Chapter 19: Solid Organ Transplantation
JP is a kidney transplant patient whose biopsy showed cellular rejection. Select the statement that most accurately describes mechanism of JP’s rejection.
a. An orchestrated immune response that involves alloantigen presentation via antigen-presenting cells (APCs) which then leads to alloreactive T lymphocytes.
b. A cytotoxic immune response mediated via preformed antibodies against antigens present on vascular endothelium.
c. A slow process of graft fibrosis and arteriopathy, which results in graft dysfunction.
d. A process which inhibits the entire process of immune activation, including antigen presentation by APCs, the release of cytokines such as IL-1, IL-2, IL-6, and TNF α, and subsequently lymphocyte proliferation.
Answer a is correct. This is a description of acute cellular rejection (ACR). ACR requires the production of alloreactive T cells via T-cell binding at the T-cell receptors on APCs, with subsequent cytokine release and immune activation.
Answer b is incorrect. Antibody-mediated rejection typically occurs hours to days after transplant if donor-specific antibodies are present at the time of transplant. This type of rejection most frequently results from mismatched blood types and positive crossmatches, and the incidence has decreased with the advent of screening.
Answer c is incorrect. This is a description of chronic rejection. The etiology of chronic rejection is not known and there is no treatment for this condition. However, ACR has been shown to be a primary risk factor for the development of chronic rejection, thus prevention is a key modifier.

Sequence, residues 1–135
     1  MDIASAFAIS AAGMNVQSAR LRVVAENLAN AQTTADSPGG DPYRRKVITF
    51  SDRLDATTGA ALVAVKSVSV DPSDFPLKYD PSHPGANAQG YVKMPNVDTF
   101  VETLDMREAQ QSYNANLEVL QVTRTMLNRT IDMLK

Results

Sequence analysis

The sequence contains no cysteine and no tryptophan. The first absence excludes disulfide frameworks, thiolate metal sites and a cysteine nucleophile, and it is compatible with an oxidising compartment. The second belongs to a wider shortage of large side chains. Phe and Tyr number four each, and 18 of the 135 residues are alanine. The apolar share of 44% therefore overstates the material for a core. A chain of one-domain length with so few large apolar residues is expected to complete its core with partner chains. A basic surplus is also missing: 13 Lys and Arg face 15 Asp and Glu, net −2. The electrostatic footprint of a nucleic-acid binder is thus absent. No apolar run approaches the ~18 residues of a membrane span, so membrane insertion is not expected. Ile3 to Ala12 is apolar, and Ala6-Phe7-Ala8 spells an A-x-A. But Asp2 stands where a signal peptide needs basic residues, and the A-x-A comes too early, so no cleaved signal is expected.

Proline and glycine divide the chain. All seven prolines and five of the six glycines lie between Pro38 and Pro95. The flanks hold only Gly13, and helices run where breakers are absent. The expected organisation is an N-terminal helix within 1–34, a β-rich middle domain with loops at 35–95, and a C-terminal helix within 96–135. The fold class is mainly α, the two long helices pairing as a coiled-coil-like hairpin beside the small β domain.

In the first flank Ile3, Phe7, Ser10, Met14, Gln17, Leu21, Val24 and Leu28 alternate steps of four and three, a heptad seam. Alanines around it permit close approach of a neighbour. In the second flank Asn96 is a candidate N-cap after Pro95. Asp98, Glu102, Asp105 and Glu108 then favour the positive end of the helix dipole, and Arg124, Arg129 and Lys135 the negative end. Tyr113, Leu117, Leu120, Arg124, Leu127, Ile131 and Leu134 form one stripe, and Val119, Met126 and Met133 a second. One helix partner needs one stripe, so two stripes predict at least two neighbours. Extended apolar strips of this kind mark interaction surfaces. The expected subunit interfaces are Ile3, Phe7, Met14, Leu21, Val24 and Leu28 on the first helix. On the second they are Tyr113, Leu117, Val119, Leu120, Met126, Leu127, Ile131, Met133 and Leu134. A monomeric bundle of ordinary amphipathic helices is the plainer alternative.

Answer d is incorrect. This is a description of the ubiquitous immunosuppressive action that steroids have on immune response.
SK is a 16-year-old boy who is waiting for kidney transplantation. He states that he has been doing research on the Internet and heard that acute cellular rejection (ACR) is a major complication of kidney transplantation. What can a pharmacist counsel him regarding the time frame for risk of ACR after transplant?
a. The risk is greatest during the first hours to days after transplantation.
b. The risk is greatest during the first several months after transplantation.
c. The risk increases with increased time from transplant.
d. The risk is the same regardless of time after transplant.
Answer b is correct. The time period of greatest risk for ACR is during the first 6 months after transplantation, with risk dropping precipitously after 1 year.
Answer a is incorrect. This time period describes the time of greatest risk for antibody-mediated rejection.